Drug companies that pay for major testing of most new medicines give participating university researchers little or no say in how studies are designed and how findings are handled, a survey found. The survey of 108 medical schools, published in today's New England Journal of Medicine, is the latest sign of growing concern about conflicts of interest between those doing scientific research and pharmaceutical companies sponsoring it.
"What the institutions have told us is they feel almost powerless in these contracts," said Dr. Kevin Schulman, a Duke University Medical Center professor who led the survey.
While federal agencies sponsor much early research, large-scale studies of drugs' safety and effectiveness usually are funded by manufacturers. Typically, companies hire medical-school faculty members to carry out studies.
But some scientists worry their lack of control could threaten the integrity of research and the safety of participants. Among other things, pharmaceutical companies have sponsored research that found a drug didn't work or was dangerous, then suppressed the results.
Concerned about the problem, the International Committee of Medical Journal Editors in 2001 published guidelines for research contracts between medical schools and the pharmaceutical industry. Researchers at Duke University interviewed officials at U.S. medical schools last winter and reviewed some of their research contracts to determine how many complied with the new guidelines. Only a minority did.
Schulman said researchers have less and less control over patient trials as more and more studies include dozens of medical centers, a strategy meant to bring results faster.
Among the study's findings:
. Researchers rarely were allowed a say in the design of clinical trials,
with only 10 percent of contracts covering how data is collected and
monitored and only 5 percent covering how data is analyzed and interpreted.
. Fewer than 1 percent of contracts guaranteed that results would be
published and that an independent committee would have control over that.
But 40 percent of contracts addressed editorial control of manuscripts.
. Only 1 percent of contracts required an independent board to monitor
patient safety. Such boards can stop a study early if the treatment is found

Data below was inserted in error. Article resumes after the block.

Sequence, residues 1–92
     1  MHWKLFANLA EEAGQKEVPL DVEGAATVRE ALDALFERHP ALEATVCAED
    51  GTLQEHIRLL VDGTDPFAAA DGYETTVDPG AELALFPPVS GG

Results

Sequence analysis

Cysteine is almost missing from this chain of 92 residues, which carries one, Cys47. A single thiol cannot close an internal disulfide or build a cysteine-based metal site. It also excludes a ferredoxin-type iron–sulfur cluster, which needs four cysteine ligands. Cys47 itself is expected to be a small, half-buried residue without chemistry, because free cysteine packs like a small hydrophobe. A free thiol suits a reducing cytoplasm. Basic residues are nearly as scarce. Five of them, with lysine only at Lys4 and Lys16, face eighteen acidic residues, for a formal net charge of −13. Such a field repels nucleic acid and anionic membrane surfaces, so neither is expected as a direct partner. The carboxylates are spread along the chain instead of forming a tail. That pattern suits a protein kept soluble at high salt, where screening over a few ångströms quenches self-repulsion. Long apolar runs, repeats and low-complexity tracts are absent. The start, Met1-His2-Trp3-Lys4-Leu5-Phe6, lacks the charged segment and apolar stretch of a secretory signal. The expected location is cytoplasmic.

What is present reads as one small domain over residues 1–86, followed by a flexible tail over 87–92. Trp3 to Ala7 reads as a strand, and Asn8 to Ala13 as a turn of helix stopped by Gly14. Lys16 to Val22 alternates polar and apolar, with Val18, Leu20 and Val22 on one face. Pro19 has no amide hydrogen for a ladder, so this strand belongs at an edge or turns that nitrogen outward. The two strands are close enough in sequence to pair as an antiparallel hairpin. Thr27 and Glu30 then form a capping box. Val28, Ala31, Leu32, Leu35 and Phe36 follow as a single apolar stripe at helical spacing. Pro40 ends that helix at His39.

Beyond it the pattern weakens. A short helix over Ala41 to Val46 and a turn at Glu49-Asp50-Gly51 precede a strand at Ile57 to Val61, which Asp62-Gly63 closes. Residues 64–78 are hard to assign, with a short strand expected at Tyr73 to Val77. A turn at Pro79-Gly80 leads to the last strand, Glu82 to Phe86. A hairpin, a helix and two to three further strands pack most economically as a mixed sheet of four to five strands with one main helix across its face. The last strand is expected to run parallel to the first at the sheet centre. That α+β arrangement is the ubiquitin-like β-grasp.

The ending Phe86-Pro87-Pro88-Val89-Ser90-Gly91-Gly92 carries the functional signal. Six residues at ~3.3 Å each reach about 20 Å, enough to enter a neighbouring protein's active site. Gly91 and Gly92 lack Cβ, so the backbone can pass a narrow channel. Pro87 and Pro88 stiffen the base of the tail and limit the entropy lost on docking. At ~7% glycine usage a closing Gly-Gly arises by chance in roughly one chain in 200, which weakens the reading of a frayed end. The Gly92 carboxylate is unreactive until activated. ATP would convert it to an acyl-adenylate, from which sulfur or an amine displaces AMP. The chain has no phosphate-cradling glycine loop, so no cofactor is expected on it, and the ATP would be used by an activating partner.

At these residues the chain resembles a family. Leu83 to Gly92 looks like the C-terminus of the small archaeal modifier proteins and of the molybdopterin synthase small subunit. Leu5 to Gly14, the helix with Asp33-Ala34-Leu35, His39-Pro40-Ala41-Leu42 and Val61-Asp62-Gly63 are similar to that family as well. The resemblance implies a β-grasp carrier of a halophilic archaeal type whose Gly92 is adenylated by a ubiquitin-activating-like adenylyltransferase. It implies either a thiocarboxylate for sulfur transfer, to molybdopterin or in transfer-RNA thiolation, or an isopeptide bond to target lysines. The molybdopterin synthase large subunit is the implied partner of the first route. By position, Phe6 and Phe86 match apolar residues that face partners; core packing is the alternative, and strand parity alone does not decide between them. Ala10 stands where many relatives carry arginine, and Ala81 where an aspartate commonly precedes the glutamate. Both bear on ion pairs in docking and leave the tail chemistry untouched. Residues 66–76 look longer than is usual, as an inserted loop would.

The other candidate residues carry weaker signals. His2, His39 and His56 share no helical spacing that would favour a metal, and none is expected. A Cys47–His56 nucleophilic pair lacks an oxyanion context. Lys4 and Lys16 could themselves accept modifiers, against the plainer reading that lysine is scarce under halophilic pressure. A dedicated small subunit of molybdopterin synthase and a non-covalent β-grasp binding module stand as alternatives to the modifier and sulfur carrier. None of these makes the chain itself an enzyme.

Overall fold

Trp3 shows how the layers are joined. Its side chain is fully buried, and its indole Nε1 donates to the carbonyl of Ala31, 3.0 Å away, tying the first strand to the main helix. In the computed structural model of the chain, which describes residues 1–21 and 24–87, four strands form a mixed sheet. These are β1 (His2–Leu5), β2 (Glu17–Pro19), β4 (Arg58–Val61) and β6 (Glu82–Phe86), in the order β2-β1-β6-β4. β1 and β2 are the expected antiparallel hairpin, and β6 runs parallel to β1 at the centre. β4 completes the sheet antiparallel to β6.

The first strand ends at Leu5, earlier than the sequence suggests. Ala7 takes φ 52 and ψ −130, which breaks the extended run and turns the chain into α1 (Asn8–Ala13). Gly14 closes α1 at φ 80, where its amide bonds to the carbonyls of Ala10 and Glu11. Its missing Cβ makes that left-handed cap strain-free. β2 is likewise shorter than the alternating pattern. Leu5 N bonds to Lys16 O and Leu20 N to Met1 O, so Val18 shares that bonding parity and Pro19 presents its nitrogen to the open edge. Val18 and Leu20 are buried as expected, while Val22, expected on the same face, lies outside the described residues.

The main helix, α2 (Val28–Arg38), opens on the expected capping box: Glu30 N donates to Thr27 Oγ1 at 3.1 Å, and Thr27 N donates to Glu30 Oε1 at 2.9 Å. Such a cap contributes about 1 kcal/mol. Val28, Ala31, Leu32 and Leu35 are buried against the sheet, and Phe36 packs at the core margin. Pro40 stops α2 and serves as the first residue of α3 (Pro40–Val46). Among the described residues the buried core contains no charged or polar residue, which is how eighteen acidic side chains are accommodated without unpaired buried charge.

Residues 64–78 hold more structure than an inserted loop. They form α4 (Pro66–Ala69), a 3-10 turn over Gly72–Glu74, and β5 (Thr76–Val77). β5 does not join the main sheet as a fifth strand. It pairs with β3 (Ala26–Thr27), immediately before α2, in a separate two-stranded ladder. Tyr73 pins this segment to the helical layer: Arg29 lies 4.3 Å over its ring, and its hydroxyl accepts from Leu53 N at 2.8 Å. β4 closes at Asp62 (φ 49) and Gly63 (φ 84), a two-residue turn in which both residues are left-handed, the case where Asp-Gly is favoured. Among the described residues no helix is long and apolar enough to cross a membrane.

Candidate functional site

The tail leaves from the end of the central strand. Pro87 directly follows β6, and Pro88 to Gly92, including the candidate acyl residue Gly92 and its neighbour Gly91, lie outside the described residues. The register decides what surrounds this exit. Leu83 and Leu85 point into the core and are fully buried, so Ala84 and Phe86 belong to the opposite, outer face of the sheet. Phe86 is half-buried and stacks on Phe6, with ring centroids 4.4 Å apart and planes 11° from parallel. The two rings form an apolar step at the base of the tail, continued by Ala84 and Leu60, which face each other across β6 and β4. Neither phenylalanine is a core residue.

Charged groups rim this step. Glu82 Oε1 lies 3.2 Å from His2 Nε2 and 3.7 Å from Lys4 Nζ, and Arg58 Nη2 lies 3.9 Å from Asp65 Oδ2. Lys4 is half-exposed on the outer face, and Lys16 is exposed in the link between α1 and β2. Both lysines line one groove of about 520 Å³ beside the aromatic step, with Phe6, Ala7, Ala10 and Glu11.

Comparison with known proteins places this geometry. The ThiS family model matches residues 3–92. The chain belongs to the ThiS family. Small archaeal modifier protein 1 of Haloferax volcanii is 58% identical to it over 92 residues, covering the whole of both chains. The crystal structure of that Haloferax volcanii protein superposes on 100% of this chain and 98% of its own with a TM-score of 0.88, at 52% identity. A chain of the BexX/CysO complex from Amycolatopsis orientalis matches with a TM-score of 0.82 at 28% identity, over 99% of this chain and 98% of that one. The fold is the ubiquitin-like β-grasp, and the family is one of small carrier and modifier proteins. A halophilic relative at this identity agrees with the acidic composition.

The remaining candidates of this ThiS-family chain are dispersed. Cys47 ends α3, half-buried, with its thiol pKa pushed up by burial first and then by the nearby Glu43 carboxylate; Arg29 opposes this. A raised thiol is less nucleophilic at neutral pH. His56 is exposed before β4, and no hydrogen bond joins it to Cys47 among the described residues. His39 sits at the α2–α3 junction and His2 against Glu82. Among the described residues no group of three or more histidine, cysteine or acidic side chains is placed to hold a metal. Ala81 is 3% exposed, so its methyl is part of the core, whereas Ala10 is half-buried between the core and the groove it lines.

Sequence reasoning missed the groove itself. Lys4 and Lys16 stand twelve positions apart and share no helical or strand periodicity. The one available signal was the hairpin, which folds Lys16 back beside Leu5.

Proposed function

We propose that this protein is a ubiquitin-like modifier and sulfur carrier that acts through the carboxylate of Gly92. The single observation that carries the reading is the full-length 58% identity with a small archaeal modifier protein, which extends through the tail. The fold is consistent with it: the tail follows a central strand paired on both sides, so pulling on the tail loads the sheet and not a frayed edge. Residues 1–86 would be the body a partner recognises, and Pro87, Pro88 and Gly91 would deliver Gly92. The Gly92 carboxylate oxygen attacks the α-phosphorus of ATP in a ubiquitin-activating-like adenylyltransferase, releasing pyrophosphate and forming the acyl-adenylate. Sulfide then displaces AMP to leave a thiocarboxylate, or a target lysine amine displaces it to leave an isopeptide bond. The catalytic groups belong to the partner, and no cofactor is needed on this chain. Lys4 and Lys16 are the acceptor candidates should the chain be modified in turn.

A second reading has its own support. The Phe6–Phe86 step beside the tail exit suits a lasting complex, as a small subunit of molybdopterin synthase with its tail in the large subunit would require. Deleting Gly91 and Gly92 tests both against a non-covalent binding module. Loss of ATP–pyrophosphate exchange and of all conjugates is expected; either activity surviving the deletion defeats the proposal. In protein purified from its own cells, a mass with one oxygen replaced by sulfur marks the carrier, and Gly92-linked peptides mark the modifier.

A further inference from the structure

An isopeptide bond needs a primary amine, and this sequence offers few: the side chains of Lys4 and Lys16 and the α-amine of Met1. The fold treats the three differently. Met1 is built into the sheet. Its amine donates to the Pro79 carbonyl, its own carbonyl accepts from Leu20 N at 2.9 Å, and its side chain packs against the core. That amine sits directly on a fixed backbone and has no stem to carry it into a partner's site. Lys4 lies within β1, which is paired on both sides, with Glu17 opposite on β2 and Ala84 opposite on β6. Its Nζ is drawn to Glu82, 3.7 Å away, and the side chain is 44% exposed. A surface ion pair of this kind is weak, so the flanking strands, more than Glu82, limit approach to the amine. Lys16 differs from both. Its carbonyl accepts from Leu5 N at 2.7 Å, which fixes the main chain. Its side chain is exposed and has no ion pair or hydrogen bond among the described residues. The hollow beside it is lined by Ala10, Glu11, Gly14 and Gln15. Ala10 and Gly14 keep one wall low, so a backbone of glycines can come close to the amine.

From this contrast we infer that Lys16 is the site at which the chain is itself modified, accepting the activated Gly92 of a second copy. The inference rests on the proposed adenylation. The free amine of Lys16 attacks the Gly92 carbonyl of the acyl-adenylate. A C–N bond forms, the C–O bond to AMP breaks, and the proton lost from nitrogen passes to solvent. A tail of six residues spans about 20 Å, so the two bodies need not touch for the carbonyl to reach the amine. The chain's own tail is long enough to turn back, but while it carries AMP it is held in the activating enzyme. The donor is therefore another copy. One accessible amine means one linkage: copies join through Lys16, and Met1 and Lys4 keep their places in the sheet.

to be harmful.
Financial ties between academic researchers and industry sponsors already are under scrutiny for apparent conflicts of interest, as when researchers receive stock in a company testing an experimental drug.
The Pharmaceutical Research and Manufacturers of America last summer established voluntary guidelines for clinical research, but they are "basically toothless," said Dr. Jeffrey M. Drazen, editor of the New England
Journal. "The system would be better served if there were universally accepted contractual language," he wrote


Evidence or Eminence Based Medicine?

“Power to corrupt, and absolute power corrupts absolutely.”

· The drug company Pfizer has 12,000 full time researchers

What are the results?

When one begins comparisons with medical / allopathic procedures, the statistics really begin to spin one’s head. Using a baseline figure of one per one million as an estimate of stroke incidence attributed to cervical manipulations (not just chiropractic, but all such procedures), one finds a:

· Two Times greater risk of dying from transfusing one unit of blood

· 100 Times greater risk of dying from general anesthesia

· 160-400 Times greater risk of dying from the use of NSAIDS

· 700 times greater risk of dying from lumbar spinal surgery

· 1000-10,000 times greater risk from traditional gall bladder surgery

· 10,000 times greater risk of serious harm from medical mistakes in hospitals

The 225,000 deaths per year attributed to medical iatrogenesis (allopathy) have propelled it to the third leading cause of death, after heart disease and cancer.

Absolute, testosterone charged, black and white statements by heroic allopathic physicians will have to give way to the gray world of reality and hard numbers brought to us by evidence and real science – rather than Eminence based medicine and allopathic-religious superstitions.